It started with this tweet from Ajay Balamurugadas (@ajay184f):

“I use Texter to write the steps for my bugs. Jing to capture screenshots. Brain to think new test ideas. Freemind to note the ideas #testing”

I hadn’t heard of Texter or Jing or Brain. And because Ajay has credibility with me, I quickly ALT-Tab’ed out of TweetDeck, clicked on my XP toolbar to launch Chrome (which has the “WebPage Screenshot” plug-in next to the URL-finder) typed in Google, and started searching.

In that two-paragraph story above, did you notice there were 9 tools?  It made me think about writing this blog. 

How many times have you been to a co-worker’s cubicle or seen someone do a really good demo at a conference and stand in awe and excitement at a tiny little thing they did on their keyboard without thinking about it — maybe something that had NOTHING to do with the demo itself?

That happened for me back in 2006, when I saw someone using notepad, which I had used for years.  They hit F5 when they were typing test notes.  (I’m not going to tell you what it does, so you get the same A-Ha moment when you try it.)

We trade ideas all day on Twitter, in meetings, in email, and in blogs, but rarely in any of those media do we actually SEE each other test, or even type.  The means by which we use our computers in testing is usually hidden to each other.

I found Jing and Texter right away and found value in them, making Ajay even MORE credible to me.

That’s what colleagues do — they help each other solve little testing problems fast with tools that are either free or easy.

But I also like the way Ajay fit that into a tweet.  It read to me like a user story in a way.

So I tweeted back:

“I use EE4 for screencasts, to collaborate w/ remote testers, Dropbox for file sharing, Rapid Reporter for quick ET demos. #testing”

Ajay soon tweeted another:

“I use MindMeister for mind map collaboration, Skype to get coached, Perlclip to generate text, Color Cop to identify RGB values. #testing”

I suspected he and I could go several rounds like this, leaving each other with more than a handful of good ideas.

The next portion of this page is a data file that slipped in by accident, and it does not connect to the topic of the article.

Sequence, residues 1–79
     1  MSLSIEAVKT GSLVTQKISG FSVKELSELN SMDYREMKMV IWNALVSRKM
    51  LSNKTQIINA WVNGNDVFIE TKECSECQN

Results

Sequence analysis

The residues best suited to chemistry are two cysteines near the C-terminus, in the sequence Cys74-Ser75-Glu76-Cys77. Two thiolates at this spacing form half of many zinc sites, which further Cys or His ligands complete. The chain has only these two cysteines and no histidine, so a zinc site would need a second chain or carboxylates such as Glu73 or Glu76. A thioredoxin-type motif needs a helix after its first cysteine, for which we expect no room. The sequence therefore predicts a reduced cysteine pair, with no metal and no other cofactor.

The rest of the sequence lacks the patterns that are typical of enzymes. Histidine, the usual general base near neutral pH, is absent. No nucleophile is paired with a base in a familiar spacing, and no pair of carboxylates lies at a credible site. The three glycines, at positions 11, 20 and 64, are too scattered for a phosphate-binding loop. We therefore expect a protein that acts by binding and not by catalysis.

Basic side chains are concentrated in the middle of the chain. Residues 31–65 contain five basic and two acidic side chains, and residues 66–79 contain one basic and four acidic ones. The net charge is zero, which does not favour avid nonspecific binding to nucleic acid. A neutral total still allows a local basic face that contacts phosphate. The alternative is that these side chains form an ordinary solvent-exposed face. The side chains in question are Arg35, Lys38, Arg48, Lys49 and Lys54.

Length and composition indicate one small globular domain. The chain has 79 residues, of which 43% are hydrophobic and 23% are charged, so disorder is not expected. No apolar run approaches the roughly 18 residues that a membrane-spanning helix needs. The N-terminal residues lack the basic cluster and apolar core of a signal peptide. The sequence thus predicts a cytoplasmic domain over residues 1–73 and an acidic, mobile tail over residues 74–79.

But before I could even think to tweet that, he said it better:

“We exchange a dollar, we still have a dollar. We exchange an idea, we have two ideas now 🙂 cc @jbtestpilot Thanks for sharing tool names.”

I encouraged him to write a blog about any of the other tools he used, and I promised I’d do the same:

He did.  

My list of tools these days is mostly eBay-specific and were built-in-house. They include dependency mappers, perf counters that monitor key site functions (Bids, Checkouts, Listings, etc), a searchable index of customer comments, alerts in our Knowledge Base, and JIRA for bug-tracking, Confluence for intranet wikis.

But the tester is still alive in me, so here’s my list (all are free):

Rapid Reporter — Shmuel Gershon’s nifty lightweight tool to manage exploratory testing sessions.

PerlClip – James’ nifty little tool to create long data strings for testing.

Expression Encoder 4 — Microsoft’s nifty little tool for recording screencasts (for bug repro or short how-to training videos) — the non-profit Etherpad Foundation’s nifty little tool to (almost) instantly start collaborating on a document or strategy. – Tim Coulter’s nifty little post-it note creation site (collaboration allowed). 

dxdiag (from the Run command on XP) — meant for info bout DirectX on your Windows PC, but the main screen shows immediate info about onboard BIOS, Memory, Processor, etc.

Ctrl-Shift-Esc — shortcut for bringing up Task Manager in Windows.

Skype, Trillian, Office Communicator – coaching, chat, instant communications

eBay Toolbar — Quick lookup for item IDs and alerting for items I’m watching as part of Live Site testing

FireBug — Firefox (or Chrome) plug-in to quickly find JavaScript errors.

Xobni — quickly searches existing email

FreeMind — for mind-mapping — brainstorming ideas and creates visual “relationships” to other ideas

What’s on your list?

(Maybe I’ll do one on bookmarks next…)